First Nations Community-Owned Microgrid Launched in Australia

June 12, 2024
The residents of the Marlinja outstation say their grid-connected solar microgrid is the first in Australia to be owned by a First Nations community.

In the remote Barkly region of Australia’s Northern Territory, about halfway between Alice Springs and Darwin, sits the small First Nations outstation of Marlinja. Home to roughly 60 people, the outback community recently celebrated the launch of what it says is the first First Nations-owned grid-connected solar microgrid in Australia.

The microgrid includes a 100 kW solar array and a 136 kWh battery and took five years to complete as community members and Original Power, the non-profit developer for the project, navigated the design, fundraising, installation and commissioning process.

“We knew there was a better way to live”

Home to Uluru, formerly known as Ayers Rock, Australia’s Northern Territory has a rich indigenous culture. But beyond the tourist areas, remote First Nations communities in the region are plagued by energy insecurity and high energy prices.

For many, electricity is provided via pre-paid meters. Like pay-as-you-go mobile phone plans, the consumer purchases the amount of electricity they expect to need for a given period of time. Once the credit runs out, the meter shuts off power to the home. 

“Many times our whole community has lost power and water for weeks due to failures in the power network, and our families are being disconnected for days at a time when our pre-paid meter credit runs out,” said Ethan Godrey, a Marlinja resident and one of project’s biggest proponents.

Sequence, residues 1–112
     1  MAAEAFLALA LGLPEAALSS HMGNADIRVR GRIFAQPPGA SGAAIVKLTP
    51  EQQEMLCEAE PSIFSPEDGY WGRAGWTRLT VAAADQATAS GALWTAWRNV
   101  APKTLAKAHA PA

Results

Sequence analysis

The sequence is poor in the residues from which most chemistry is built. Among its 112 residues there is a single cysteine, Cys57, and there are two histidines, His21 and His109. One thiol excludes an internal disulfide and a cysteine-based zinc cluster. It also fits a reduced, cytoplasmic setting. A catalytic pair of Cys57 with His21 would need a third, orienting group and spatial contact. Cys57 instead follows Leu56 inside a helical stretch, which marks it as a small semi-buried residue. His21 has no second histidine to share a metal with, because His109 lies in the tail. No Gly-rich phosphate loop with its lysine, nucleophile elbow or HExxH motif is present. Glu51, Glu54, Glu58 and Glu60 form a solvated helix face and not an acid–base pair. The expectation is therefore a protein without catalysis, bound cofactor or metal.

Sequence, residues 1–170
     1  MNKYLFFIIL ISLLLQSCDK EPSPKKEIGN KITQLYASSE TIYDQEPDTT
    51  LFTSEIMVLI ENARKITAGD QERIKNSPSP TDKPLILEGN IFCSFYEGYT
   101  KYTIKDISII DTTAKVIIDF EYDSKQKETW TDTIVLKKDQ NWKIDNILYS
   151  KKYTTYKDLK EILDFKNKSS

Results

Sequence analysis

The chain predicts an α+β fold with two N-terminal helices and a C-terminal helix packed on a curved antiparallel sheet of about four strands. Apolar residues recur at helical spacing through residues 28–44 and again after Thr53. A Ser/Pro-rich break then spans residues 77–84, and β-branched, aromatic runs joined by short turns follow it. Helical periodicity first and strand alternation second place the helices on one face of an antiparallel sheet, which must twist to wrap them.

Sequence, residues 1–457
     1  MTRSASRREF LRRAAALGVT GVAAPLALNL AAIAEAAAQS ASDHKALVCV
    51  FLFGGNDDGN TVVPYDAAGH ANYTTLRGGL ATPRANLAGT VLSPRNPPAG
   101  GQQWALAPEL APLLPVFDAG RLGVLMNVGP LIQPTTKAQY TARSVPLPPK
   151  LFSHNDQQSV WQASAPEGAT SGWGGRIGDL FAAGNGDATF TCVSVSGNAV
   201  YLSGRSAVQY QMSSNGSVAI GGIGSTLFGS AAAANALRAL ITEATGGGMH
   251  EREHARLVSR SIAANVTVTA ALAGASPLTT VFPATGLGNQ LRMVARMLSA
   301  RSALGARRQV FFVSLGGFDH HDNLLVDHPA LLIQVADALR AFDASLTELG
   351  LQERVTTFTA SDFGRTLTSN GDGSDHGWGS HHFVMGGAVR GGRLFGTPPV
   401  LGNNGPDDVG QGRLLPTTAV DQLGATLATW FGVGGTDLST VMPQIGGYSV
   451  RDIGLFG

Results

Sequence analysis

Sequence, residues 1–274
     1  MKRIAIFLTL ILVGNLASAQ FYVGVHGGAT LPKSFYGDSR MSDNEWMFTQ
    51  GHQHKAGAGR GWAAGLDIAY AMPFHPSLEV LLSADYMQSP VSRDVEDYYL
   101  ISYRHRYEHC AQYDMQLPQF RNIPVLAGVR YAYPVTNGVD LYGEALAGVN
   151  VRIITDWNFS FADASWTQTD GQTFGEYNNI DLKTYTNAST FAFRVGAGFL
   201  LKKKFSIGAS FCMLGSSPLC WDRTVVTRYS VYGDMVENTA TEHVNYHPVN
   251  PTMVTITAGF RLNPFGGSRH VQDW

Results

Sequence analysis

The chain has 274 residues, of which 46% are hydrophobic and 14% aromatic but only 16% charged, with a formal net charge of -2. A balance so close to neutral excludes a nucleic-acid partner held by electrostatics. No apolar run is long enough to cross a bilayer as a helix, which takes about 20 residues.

“We knew there was a better way to live and that's why we started this solar power journey so we could use cheaper, cleaner power from the sun,” he added.

Cleaner, cheaper electricity

In 2019, Original Power, a community-focused Aboriginal organization, partnered with the Marlinja residents to develop a renewable energy solution that would provide not only low cost, clean energy but also long-term employment opportunities for community members who will operate and maintain the microgrid.

Original Power worked with Jacana Energy, the Northern Territory’s primary electricity retailer to develop a unique benefit sharing program that allows First Nations pre-paid meter customers to share solar cost savings similar to those awarded to homeowners with behind-the-meter rooftop solar systems.

“The Marlinja microgrid project demonstrates the technical, regulatory and policy solutions to support the wider uptake of renewable energy in First Nations’ communities and drive improvements in household energy security, affordability and climate resilience,” said Lauren Mellor, clean energy communities project coordinator for Original Power.

A model for other First Nations communties

The Marlinja microgrid was partially funded by the Barkly Regional Deal, an agreement between the governments of Australia and the Northern Territory, as well as the Barkly Regional Council. The deal is a 10-year, $67.3 million (A$100.5 million) commitment to improving the productivity and livability of the Barkly region.

The remainder of the $502,000 (A$750,000) project cost was covered by financial donations and technology contributions from companies like 5B, which provided the system’s solar panels.

“We are looking forward to seeing the lessons from the Marlinja microgrid development adopted by government and industry in a wider roll-out of community determined renewables to support a faster, fairer energy transition in which First Nations communities play a vital partnership role in project delivery,” said Karrina Nolan, executive director of Original Power.

About the Author

Kathy Hitchens | Special Projects Editor

I work as a writer and special projects editor for Microgrid Knowledge. I have over 30 years of writing experience, working with a variety of companies in the renewable energy, electric vehicle and utility sector, as well as those in the entertainment, education, and financial industries. I have a BFA in Media Arts from the University of Arizona and a MBA from the University of Denver.

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